The trackpad is one of the best things about Apple computers so figure out what works for you and enjoy :-)

Also figure out where you want the dock to be. IMHO having the dock at the bottom is very wasteful of space. I prefer it on the side and actually now I autohide the dock so all of my screen can be for apps.

Calibrate your screen. After calibration the screen almost always looks better than it did out of the box (at least in my experience).

Learn keyboard shortcuts (especially for spotlight) so you can be super efficient!

You'll have to google this but unhide the library folder. It will make your life easier later. Unlike windows on mac os you can find almost anything associated with a program by simply looking through finder (and knowing where to look). For example I needed to know where my kindle books were stored so I could convert them to another format to read on my tablet. Without access to the library that is impossible. Other examples: printer drivers, the custom calibration profile for your screen, email etc. All found in the user's library folder that apple hides by default.

I'm of the opinion that most of Apple's default settings are dumb but their computers are brilliant. You just have to tweak them a bit.

great post!

mortenandersen
Aug 11, 2013, 11:58 AM
If you don't know why you need to do it, you don't need to do it.

The Thread Starter and I asked HOW to perform calibration - not "why", as the post of "robvas" implies.

I simply don't understand the "robvas" post; it is not intelligible.



BTW, much more important: Thanks so much, "designs216", for your very informative, valuable and understandable post/reply.

johnjey
Aug 11, 2013, 02:14 PM
No mAtter even if you buy an ultimate machine or whatever, every MACBOOK HEATS up --> Harsh but TRUE REALITY !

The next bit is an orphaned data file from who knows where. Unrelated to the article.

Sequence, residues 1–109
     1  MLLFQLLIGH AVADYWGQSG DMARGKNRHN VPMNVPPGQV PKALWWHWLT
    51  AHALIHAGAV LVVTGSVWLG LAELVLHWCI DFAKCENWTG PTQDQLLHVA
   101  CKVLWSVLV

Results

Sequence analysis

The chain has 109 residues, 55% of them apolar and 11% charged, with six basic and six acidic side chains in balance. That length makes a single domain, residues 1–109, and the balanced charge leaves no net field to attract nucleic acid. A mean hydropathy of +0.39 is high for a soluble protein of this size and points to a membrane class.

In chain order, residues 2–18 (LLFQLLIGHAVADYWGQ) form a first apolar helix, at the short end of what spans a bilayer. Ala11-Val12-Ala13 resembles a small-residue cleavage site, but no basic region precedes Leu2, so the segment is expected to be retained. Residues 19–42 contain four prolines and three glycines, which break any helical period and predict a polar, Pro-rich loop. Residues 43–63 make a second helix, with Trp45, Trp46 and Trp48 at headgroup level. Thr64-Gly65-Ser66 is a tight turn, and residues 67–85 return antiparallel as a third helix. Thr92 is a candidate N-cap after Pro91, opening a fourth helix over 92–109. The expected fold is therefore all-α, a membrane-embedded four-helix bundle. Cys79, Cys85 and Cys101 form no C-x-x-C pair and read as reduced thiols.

jadAce
Aug 11, 2013, 04:52 PM
https://www.apple.com/why-mac/

https://kis.kellogg.northwestern.edu/Pages/SecurityTipsMac.aspx

http://macperformanceguide.com/index_topics.html


Welcome to a better user experience! That last link has some basic tips for setting up your Mac for battery/security optimization. Cheers.

Designs216, thanks a lot, all of these are great. I know we've all probably seen the "Why Mac" page on the Apple website, but it is amazing how Apple goes the extra mile to explain just why Macs are great. I've never something comparable on any company's page for Windows.

----------

I found this link yesterday on screen calibration:
http://theultralinx.com/2013/03/macbook-air-hack-screen.html

Very simple to follow along, even for a new Mac user like me.

Thanks for all of the great advice so far, everyone!

jadAce
Aug 11, 2013, 10:04 PM
Any recommendations for general software from the Mac App Store you find useful for the MBA?

Ronnoco
Aug 12, 2013, 01:36 AM
Any recommendations for general software from the Mac App Store you find useful for the MBA?

These aren't in the App Store, but three apps I really like are SmcFanControl, MiniUsage and iStatPro. A fourth app I also like is LittleSnitch but that's because I am paranoid about hacking especially on public wifi. :D

Macneck
Aug 12, 2013, 04:04 AM
The Thread Starter and I asked HOW to perform calibration - not "why", as the post of "robvas" implies.

I simply don't understand the "robvas" post; it is not intelligible.



I guess he was just trying to say relax and enjoy your machine. No offense intended. Calibrating your monitor will not affect performance. I don't say it's unimportant, but it's not THAT important, if you know what I mean.

Anyway, after a few seconds googling around I found these:

http://mac.tutsplus.com/tutorials/customization/how-to-calibrate-your-macs-display/

http://www.computer-darkroom.com/colorsync-display/colorsync_1.htm

http://www.youtube.com/watch?v=AL-OZUuqr5E


I hope it helps.

mortenandersen
Aug 12, 2013, 09:59 AM
I guess he was just trying to say relax and enjoy your machine. No offense intended. Calibrating your monitor will not affect performance. I don't say it's unimportant, but it's not THAT important, if you know what I mean.

Anyway, after a few seconds googling around I found these:

http://mac.tutsplus.com/tutorials/customization/how-to-calibrate-your-macs-display/

http://www.computer-darkroom.com/colorsync-display/colorsync_1.htm

http://www.youtube.com/watch?v=AL-OZUuqr5E


I hope it helps.

For me both keyboard and screen are very important parts of the computer, but I think I see what you mean:)

Anyways, thanks so much for the info!